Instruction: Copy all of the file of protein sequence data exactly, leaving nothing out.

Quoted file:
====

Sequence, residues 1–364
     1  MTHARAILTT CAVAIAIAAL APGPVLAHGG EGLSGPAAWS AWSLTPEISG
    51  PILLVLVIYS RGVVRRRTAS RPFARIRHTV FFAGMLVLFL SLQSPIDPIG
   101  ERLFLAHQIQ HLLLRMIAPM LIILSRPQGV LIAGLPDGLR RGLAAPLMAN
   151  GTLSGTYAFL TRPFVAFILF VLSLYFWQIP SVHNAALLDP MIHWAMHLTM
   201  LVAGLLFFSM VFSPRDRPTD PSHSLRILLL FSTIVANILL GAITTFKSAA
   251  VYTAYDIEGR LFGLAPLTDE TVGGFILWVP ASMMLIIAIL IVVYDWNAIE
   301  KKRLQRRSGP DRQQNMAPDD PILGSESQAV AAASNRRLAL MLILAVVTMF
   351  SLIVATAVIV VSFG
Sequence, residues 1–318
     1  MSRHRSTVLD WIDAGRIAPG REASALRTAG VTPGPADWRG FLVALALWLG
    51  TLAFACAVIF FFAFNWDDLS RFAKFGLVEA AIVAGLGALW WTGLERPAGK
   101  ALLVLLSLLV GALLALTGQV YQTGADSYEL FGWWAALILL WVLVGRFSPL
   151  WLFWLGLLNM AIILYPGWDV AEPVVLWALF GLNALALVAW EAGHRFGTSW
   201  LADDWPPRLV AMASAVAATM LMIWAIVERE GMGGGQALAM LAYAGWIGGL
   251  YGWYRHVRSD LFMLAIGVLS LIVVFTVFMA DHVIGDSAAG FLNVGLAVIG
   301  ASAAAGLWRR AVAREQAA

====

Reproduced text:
Sequence, residues 1–364
     1  MTHARAILTT CAVAIAIAAL APGPVLAHGG EGLSGPAAWS AWSLTPEISG
    51  PILLVLVIYS RGVVRRRTAS RPFARIRHTV FFAGMLVLFL SLQSPIDPIG
   101  ERLFLAHQIQ HLLLRMIAPM LIILSRPQGV LIAGLPDGLR RGLAAPLMAN
   151  GTLSGTYAFL TRPFVAFILF VLSLYFWQIP SVHNAALLDP MIHWAMHLTM
   201  LVAGLLFFSM VFSPRDRPTD PSHSLRILLL FSTIVANILL GAITTFKSAA
   251  VYTAYDIEGR LFGLAPLTDE TVGGFILWVP ASMMLIIAIL IVVYDWNAIE
   301  KKRLQRRSGP DRQQNMAPDD PILGSESQAV AAASNRRLAL MLILAVVTMF
   351  SLIVATAVIV VSFG
Sequence, residues 1–318
     1  MSRHRSTVLD WIDAGRIAPG REASALRTAG VTPGPADWRG FLVALALWLG
    51  TLAFACAVIF FFAFNWDDLS RFAKFGLVEA AIVAGLGALW WTGLERPAGK
   101  ALLVLLSLLV GALLALTGQV YQTGADSYEL FGWWAALILL WVLVGRFSPL
   151  WLFWLGLLNM AIILYPGWDV AEPVVLWALF GLNALALVAW EAGHRFGTSW
   201  LADDWPPRLV AMASAVAATM LMIWAIVERE GMGGGQALAM LAYAGWIGGL
   251  YGWYRHVRSD LFMLAIGVLS LIVVFTVFMA DHVIGDSAAG FLNVGLAVIG
   301  ASAAAGLWRR AVAREQAA